On the occasion of the European Week for Waste Reduction, Vauban’s ecology club discovered a Ghanaian up-cycling association » The Revival « , in partnership with Caritas Luxembourg. Yayra Agbofah, founder of the association, accompanied by the co-founder Kwamena Dadzie Boison, explained the consequences of textile waste in Ghana, and especially how to revolutionize the fashion industry on an individual, but also global, scale.
Charlotte V. : How does the association works and how many people are part of the organization ?
Yayra Agbofah : THE REVIVAL is a community-led sustainable design non-profit educating, creating awareness, art and jobs with upcycled global textile waste coming to Ghana. We are 8 people active in our organization but we have a bigger team because we have volunteers from different parts of the world, especially in Ghana, who come to work with us by up-cycling the clothes. Currently, apart from the 8 of us, there are also 6 other people in our team.
Charlotte V. : What is the source of inspiration for your artisans ?
Yayra Agbofah : We have a strong culture and tradition in Ghana, especially in Ghana. This translates into what people wear and how they were it. Our culture is affected by cheaper clothing and by the media and social networks, which distract them from the clothes produced by local artisans. We are trying to encourage them to take another look at what artisans are producing in Ghana.
Charlotte V. : What is the age range of your clients ?
Yayra Agbofah: There is not any age range. Indeed, everyone is a potential client for us. Anyone in the world can be interested in our products. We are trying to solve a problem, and everyone should be involved. In general, it is young people who are more interested in our project, but we also see older people coming. To give an example, our project includes both recycling and education. When we talk about education, older people want to contribute by sharing their knowledge.
Charlotte V. :If you were offered the opportunity to participate in Fashion Week, would you accept and what values would you like to share?
Yayra Agbofah : Of course we would accept, because we consider all opportunities. A lot of brands and big media are there, and that influences a lot. So it would be a great opportunity for us all to say what is really going on in the world and how we can get involved. It would be an opportunity for us to educate people about their behavior and their relationship to fashion.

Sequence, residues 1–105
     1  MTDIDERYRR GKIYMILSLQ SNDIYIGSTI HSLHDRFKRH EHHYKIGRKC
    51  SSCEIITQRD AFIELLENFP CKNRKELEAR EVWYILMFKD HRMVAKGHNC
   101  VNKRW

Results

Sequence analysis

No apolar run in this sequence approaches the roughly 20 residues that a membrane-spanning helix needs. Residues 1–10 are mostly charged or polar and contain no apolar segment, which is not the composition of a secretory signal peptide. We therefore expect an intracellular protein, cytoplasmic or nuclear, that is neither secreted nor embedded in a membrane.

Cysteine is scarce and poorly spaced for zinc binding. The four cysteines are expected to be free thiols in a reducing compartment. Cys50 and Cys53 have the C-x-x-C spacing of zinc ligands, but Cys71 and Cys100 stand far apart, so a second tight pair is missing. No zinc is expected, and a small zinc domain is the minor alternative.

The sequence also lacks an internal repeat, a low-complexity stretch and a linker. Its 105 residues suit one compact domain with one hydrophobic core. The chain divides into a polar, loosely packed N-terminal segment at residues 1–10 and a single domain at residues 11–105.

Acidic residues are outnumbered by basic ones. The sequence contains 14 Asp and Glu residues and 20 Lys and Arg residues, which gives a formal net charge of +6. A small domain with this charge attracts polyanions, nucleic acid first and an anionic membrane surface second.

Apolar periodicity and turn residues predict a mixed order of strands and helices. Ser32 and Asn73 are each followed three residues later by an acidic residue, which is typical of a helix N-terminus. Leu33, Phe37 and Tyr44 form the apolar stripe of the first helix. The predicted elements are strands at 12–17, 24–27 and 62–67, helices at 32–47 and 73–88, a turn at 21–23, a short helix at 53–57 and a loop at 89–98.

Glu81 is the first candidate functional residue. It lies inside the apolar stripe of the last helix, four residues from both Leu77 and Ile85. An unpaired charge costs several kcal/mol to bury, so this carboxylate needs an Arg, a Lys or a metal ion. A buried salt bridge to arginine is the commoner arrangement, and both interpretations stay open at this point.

Charlotte V. : When you look at Fashion Week now, do you see enough brands sharing your values ?
Yayra Agbofah : Everyone is trying to create and produce but without really caring about the impact on the environment. Everyone is thinking about profit first without thinking about what’s going on in the world. This is not good. It is necessary that each of us take care of the planet and not destroy it. But Fashion Week does not care about that.
Charlotte V. :What do you think about the initiatives of the big brands to limit their impact on the environment? Are they effective and sufficient?
Yayra Agbofah : First of all, it is not enough. Secondly, is what these brands say actually true? Some big brands promote themselves by saying they make organic clothes or produce in a more careful way, but most of the time there is no proof. What they are doing is what is called « green washing », it’s a way to promote themselves. They say that they are doing things right, that they are producing ecologically, but in reality in their factories, things are not changing. They are not paying their employees properly and they are producing synthetic clothes. Consumers also have to take responsibility by asking questions. All this is usually just marketing to influence social media, but it is not enough at all.
An interesting example is H&M, which offers to bring back old clothes in exchange for vouchers, letting people believe that these clothes will have a second life on the second hand market. But in reality, these clothes never make it to the second hand market, they get burned. And what do you do with the vouchers, you create the same problem by buying new clothes at H&M. We think that all this is not ecological and sustainable, just because they say so.